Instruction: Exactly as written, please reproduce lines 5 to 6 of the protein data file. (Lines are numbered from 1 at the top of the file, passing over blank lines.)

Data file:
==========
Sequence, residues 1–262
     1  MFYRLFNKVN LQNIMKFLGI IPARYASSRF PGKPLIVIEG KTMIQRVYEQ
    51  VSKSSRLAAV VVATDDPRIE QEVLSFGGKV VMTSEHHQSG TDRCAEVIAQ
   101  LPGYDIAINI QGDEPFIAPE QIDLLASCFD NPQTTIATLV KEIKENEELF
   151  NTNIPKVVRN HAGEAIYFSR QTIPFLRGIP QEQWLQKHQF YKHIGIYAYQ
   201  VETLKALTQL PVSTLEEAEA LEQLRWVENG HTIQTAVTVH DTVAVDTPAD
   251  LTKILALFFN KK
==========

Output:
   151  NTNIPKVVRN HAGEAIYFSR QTIPFLRGIP QEQWLQKHQF YKHIGIYAYQ
   201  VETLKALTQL PVSTLEEAEA LEQLRWVENG HTIQTAVTVH DTVAVDTPAD